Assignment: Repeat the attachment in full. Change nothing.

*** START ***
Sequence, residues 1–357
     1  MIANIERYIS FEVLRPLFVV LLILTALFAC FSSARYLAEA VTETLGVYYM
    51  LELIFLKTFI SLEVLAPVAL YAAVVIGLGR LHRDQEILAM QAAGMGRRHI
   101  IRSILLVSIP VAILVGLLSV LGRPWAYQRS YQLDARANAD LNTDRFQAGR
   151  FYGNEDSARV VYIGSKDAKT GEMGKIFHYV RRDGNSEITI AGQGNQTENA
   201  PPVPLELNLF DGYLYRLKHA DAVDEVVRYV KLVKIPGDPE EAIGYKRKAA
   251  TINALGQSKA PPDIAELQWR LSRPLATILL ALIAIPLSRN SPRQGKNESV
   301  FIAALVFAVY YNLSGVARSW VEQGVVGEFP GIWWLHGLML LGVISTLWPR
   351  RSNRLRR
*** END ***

Sequence, residues 1–357
     1  MIANIERYIS FEVLRPLFVV LLILTALFAC FSSARYLAEA VTETLGVYYM
    51  LELIFLKTFI SLEVLAPVAL YAAVVIGLGR LHRDQEILAM QAAGMGRRHI
   101  IRSILLVSIP VAILVGLLSV LGRPWAYQRS YQLDARANAD LNTDRFQAGR
   151  FYGNEDSARV VYIGSKDAKT GEMGKIFHYV RRDGNSEITI AGQGNQTENA
   201  PPVPLELNLF DGYLYRLKHA DAVDEVVRYV KLVKIPGDPE EAIGYKRKAA
   251  TINALGQSKA PPDIAELQWR LSRPLATILL ALIAIPLSRN SPRQGKNESV
   301  FIAALVFAVY YNLSGVARSW VEQGVVGEFP GIWWLHGLML LGVISTLWPR
   351  RSNRLRR